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Thor: Ragnarok - Review

Thor Ragnarok

Review by Rob Carnevale

IndieLondon Rating: 4 out of 5

THUS far, the Thor franchise has been one of the weakest of Marvel’s Cinematic Universe. The original was flawed but mostly fun, the sequel dark and largely tedious.

With this third entry, the decision has been taken to go for all out fun and, thanks to the presence of New Zealander director Taika Waititi, emerges as one of the best films in the MCU. Shot through with self-deprecating wit, slapstick [and knockabout] humour and all kinds of eccentric characters and elements, Thor: Ragnarok feels fresh, exciting and hugely entertaining.

Waititi, who cut his teeth on much smaller movies like the much loved Hunt For The Wilderpeople and vampire spoof What We Do in the Shadows, seems to have been allowed to plant his signature firmly on Thor’s world and does so with gleeful abandon.

Hence, while certain comic book genre traits remain intact, such as the need to save a world (in this case, Asgard) and include several superhero smack-downs, Ragnarok delivers them in a way that feels fresh and innovative.

The plot finds Thor (Chris Hemsworth) returning to Asgard to find a new threat posed by Hela (Cate Blanchett), the goddess of death, who also happens to be the sister he never knew existed. Within moments of reuniting with both Hela and the continually mischievous Loki (Tom Hiddleston), however, Thor finds himself thrust across the other side of the universe and onto a planet ruled by the Grandmaster (Jeff Goldblum), who swiftly sentences Thor to gladiatorial combat for his own amusement.

Thor must subsequently survive the arena (and a battle with old friend Hulk, once again played by Mark Ruffalo) before summoning his own army and returning to Asgard to defeat Hela.

The ensuing action-adventure is a lively romp, more reminiscent of Guardians of the Galaxy with elements of Flash Gordon thrown in, rather than anything we’ve come to expect from a Thor film so far.

By keeping in-line with Waititi’s offbeat sensibilities, Ragnarok has a very distinct identity that maintains Marvel’s track record for trying to mix up genres with each of its stand-alone character films.

On this occasion, it’s a vast space opera that goes for the bombastic rather than the sedate. Every scene feels big, every character quirky but interesting in some way. And it’s shot through with snappy one-liners and laugh-out loud pratfalls.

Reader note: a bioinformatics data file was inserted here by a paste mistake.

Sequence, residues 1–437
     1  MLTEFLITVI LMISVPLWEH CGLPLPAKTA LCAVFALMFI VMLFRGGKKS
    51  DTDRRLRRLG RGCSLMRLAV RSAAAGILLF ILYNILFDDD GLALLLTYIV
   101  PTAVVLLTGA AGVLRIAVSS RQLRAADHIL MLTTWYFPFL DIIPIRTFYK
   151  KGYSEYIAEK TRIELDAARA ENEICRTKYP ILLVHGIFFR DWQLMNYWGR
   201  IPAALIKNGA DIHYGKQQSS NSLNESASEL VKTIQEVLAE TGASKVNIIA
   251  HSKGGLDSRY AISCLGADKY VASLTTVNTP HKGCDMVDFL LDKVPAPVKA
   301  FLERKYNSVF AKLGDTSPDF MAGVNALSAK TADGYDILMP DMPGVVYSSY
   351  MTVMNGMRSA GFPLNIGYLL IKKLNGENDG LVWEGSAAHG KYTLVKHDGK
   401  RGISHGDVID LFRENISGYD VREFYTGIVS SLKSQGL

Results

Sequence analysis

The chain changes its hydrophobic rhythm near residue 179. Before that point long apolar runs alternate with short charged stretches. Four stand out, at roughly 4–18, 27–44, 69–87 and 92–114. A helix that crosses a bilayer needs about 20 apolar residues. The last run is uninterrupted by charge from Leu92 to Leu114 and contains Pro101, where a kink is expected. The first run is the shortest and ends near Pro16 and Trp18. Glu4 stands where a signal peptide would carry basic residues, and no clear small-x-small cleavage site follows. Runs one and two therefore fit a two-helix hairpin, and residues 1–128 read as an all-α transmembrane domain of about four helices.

Thor himself, expertly played by Hemsworth, is a self-deprecating delight, a muscular hero not averse to the odd moment of buffoonery and self-doubt. His story arc in this one is actually greater than the breezy nature of it suggests, another juggling act that Waititi perfects almost effortlessly.

Thor Ragnarok

But there’s room for other character progressions, too, with Hiddleston on a different kind of scene-stealing form as Loki, trading past foreboding angst and treachery for something altogether more comedic without losing any of those defining characteristics, and Ruffalo also allowed to examine the tussle between Hulk and Bruce Banner with comedic verve.

Of the newcomers, Blanchett’s Hela is suitably foreboding but also prone to the odd witty put-down; Goldblum’s Grandmaster is a veritable treasure trove of the actor’s sublime eccentricities, and Tessa Thompson makes a big impression as a Valkyrie in hiding, who similarly gets to mix muscular physicality with comic vulnerability.

But it’s Waititi’s own blue monster creation, a fellow Gladiator named Korg, who walks away with the film’s best lines, and who looks destined for the same kind of cult, T-shirt adorning appeal as Groot.

The various worlds that Thor explores are vividly realised and alive with colour, while the set pieces are brilliantly orchestrated to combine yet more humour with the customary spectacle. An opening duel between Thor and a demon sets the standard that Waititi maintains throughout – going big without ever feeling overdone and always managing to inject something fresh rather than feeling repetitive.

It’ll be interesting to see whether all comic book fans will take to the film’s tone, with those who prefer their films to come with a certain amount of darkness certain to be disappointed.

But in the interests of keeping a crowded [and arguably over-populated] genre feeling fresh and capable of surprising, Marvel and Waititi have delivered their own hammer blow to anyone who thinks such films are too formulaic.

Thor: Ragnarok is an absolute blast… a genuine cinematic treat, deserving of a big screen experience, that leaves you in a good mood from start to finish.

Certificate: 12A
Running time: 2hrs 10mins
UK Release Date: October 24, 2017